As your dog begins to get up into their golden years, their veterinary care needs will begin to change. Today our Deer Park vets talk about how to take care of a senior dog and offer some tips and advice to help your pet stay healthy longer.
Senior Dogs & The Aging Process
While there are general ideas on how to gauge a dog's age, it's not typically as straightforward as one might think. The age of a dog is also usually greatly affected by the breed of the dog. Generally, however, there are a few guidelines for determining the age at which a dog is considered senior. We can provide a basic estimate of around 10-12 years for small breeds, about 8-9 years old for medium breeds and about 6-7 years old for large and giant breeds.
How to Properly Take Care of Senior Dogs
While there are a wide variety of differences you will most likely spot in your dog as they age, the most noticeable changes will come in your dog physically. Some of the common signs of aging in dogs (such as white or grey hairs appearing on their face and muzzle) don't need special veterinary attention, but loving pet parents should be on the lookout for signs that a visit to the veterinarian's office might be in order. These include:
- Weight fluctuation (gain or loss)
- Poor or worsening hearing/vision
- Sleep abnormalities (sleeping too much/not enough)
- Mental dullness
- Dental disease and tooth loss
- Loss of muscle tone
- Arthritis and joint issues
- Reduced liver, kidney, and heart function
If you notice these signs in your older pooch, book a wellness check with your vet. By taking your senior dog for routine wellness exams, you're giving your veterinarian the chance to screen for any emerging geriatric conditions and begin treatment as soon as possible. Your veterinarian will also assess your senior dog's nutrition and mobility and make recommendations for diet or exercise adjustments that may benefit your dog.
As dogs get older, it’s a good idea to see your veterinarian on a regular basis for checkups. Along with regular examinations for your senior dog they should also undergo routine blood work to help monitor for any serious conditions that may develop as they age.
Checking on the white and red blood cells of your senior dog as well as testing their liver and kidney function can help ensure their ongoing health.
Complete Care For Your Senior Dog
Nutritional Needs of Your Senior Dog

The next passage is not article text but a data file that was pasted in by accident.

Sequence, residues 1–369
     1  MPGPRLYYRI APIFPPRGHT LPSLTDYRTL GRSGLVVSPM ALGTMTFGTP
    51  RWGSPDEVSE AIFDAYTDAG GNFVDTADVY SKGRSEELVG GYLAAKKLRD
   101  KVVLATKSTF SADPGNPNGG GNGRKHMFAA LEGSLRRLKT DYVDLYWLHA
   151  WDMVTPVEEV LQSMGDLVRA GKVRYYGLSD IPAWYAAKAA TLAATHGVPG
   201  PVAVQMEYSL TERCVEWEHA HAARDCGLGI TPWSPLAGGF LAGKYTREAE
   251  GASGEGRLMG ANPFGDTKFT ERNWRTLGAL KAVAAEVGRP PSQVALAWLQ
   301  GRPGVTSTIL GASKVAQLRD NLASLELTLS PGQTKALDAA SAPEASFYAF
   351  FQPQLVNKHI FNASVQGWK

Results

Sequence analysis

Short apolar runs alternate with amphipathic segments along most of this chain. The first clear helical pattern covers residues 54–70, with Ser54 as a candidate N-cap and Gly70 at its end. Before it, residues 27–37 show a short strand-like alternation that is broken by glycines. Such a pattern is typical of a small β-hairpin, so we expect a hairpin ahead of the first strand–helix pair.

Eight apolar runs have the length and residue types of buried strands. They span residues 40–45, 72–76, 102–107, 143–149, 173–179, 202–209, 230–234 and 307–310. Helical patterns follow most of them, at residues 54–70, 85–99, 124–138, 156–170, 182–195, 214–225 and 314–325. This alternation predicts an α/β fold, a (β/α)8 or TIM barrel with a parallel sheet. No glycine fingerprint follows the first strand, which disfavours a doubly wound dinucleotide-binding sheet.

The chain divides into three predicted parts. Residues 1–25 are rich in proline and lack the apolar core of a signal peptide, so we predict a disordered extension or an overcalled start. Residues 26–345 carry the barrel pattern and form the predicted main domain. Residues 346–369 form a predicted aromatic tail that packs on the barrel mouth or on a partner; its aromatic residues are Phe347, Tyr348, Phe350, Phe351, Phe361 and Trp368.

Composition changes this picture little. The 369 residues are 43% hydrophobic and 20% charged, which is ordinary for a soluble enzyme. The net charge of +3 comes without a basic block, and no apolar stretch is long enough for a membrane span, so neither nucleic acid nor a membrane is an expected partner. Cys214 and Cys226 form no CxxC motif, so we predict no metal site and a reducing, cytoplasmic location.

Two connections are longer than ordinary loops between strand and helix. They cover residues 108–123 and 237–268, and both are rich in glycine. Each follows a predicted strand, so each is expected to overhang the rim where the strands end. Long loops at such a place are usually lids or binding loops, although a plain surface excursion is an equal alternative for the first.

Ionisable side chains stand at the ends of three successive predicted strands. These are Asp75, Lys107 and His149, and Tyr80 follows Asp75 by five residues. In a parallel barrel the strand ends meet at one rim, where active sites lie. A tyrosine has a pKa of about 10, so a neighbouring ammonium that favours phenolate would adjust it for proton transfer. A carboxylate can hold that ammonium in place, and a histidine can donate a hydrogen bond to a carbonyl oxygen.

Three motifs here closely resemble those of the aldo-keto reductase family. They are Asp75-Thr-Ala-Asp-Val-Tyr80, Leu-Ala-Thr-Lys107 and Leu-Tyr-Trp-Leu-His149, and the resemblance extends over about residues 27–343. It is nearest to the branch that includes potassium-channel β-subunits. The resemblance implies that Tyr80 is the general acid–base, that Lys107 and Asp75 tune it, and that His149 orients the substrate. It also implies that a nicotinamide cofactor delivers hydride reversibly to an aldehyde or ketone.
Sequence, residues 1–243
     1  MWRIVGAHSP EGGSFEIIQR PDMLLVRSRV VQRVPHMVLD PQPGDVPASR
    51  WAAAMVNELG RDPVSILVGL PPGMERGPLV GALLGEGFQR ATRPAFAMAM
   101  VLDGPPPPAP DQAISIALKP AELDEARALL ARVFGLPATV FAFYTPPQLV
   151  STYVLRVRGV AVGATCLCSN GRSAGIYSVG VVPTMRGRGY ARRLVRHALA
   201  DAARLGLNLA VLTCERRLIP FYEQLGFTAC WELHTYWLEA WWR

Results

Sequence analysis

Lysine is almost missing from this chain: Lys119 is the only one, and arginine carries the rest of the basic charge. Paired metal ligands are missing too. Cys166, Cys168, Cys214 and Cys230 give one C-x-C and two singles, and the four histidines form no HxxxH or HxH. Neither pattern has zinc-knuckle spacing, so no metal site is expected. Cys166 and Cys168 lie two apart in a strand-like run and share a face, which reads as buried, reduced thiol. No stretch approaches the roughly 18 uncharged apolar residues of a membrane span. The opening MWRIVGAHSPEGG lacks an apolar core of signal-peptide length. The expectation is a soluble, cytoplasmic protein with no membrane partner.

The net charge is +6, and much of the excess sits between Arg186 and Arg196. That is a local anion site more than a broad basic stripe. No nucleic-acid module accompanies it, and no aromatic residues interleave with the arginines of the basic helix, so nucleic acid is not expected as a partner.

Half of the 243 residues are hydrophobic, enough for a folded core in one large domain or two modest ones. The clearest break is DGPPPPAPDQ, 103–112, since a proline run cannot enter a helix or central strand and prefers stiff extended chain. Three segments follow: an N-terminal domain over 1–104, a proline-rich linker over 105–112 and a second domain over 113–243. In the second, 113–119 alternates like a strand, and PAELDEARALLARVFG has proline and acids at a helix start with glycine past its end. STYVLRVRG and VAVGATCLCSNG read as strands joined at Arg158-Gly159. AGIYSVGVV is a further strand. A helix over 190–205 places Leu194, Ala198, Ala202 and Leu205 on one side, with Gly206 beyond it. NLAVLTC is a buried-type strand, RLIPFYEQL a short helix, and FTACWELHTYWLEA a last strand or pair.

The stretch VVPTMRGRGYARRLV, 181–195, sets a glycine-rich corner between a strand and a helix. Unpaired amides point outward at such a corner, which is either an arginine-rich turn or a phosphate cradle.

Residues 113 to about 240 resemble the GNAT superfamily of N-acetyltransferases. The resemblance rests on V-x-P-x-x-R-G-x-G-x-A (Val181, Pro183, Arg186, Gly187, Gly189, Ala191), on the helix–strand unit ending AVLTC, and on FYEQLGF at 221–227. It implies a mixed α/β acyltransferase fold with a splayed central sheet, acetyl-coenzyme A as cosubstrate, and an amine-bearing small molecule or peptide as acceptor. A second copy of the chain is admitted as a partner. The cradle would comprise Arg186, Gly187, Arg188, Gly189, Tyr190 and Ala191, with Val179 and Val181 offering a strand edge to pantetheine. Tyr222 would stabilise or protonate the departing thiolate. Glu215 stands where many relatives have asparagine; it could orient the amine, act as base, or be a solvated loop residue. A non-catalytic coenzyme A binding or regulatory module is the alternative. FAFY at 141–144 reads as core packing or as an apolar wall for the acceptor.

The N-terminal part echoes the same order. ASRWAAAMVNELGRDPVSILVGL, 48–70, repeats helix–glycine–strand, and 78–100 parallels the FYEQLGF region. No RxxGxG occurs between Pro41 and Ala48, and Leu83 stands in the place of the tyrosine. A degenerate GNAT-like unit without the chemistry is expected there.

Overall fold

It's likely that your dog's nutritional needs will change as they age. Many senior dogs tend to slow down and be less physically active, which makes them more prone to weight gain. Excess weight can cause other health issues for your dog, including joint pain and cardiovascular conditions. Your veterinarian will be able to tell you if your dog's diet needs to be adjusted, which could mean watching your dog's daily calorie intake or switching to a food that is specifically formulated for weight loss.
There is also a range of prescription diets and supplements available for senior dogs that are targeted to the various health conditions that senior dogs experience. Your vet will be able to provide you with an idea of the best diet for you dog to follow as they get older.
Besides the physical benefits of a good diet, proper nutrition may be able to help your dog maintain their cognitive function as they age. Dogs, just like humans, can suffer from dementia or conditions similar to Alzheimer's, but it is possible that feeding your dog food that is high in omega-3 fatty acids, along with providing them with proper exercise, may help them maintain mental alertness.
Ensuring Adequate Exercise For Your Senior Dog
As with humans, keeping the body and mind active is important to better health as your dog ages. Maintaining a regular schedule of physical activity can help your canine companion keep their weight within a healthy range and exercise their joints.
It is important to pay attention to your dog's comfort and ability, however – if you notice your dog is having difficulty with the long walks they once loved, try taking your dog for more frequent walks that are shorter in duration. Slowing down or seeming reluctant to go on walks or play fetch can also be a sign of joint inflammation due to arthritis or other painful conditions, so be sure to contact your primary vet to ensure your pet gets any treatment necessary.
Along with regular physical exercise, it is important that senior dogs also receive mental stimulation. It really is never too late to teach an old dog new tricks – or introduce a puzzle game or toy that they'll enjoy solving for kibble or treats hidden inside. There are many options for your pooch in pet supply stores and online.
How To Help Your Senior Dog Stay Comfortable
Aside from ensuring they are receiving adequate veterinary care, nutrition, and physical and mental exercise, there are a few things you can consider doing to help your aging four-legged friend live out their golden years comfortably:
- Orthopedic dog bed, heated dog bed (or heating pad/mat set to low heat under a blanket in their sleeping area) for dogs with joint pain or stiffness
- More carpeting around a home with tile, laminate or wood floors can reduce slipping or tripping hazards for your older dog (some dogs also do well with dog socks that have non-slip soles)
- Pet gates (or baby gates) can be placed at the top or bottom or stairs to prevent tripping or falling hazards
- Improve accessibility with dog ramps to help your pet go up and down the stairs, on furniture, or into cars; elevating their food and water bowls can also help with neck and back pain
- If your dog has vision issues, seeing at night will be harder for them; some nightlights around the home will help them navigate
Note: The advice provided in this post is intended for informational purposes and does not constitute medical advice regarding pets. For an accurate diagnosis of your pet's condition, please make an appointment with your vet.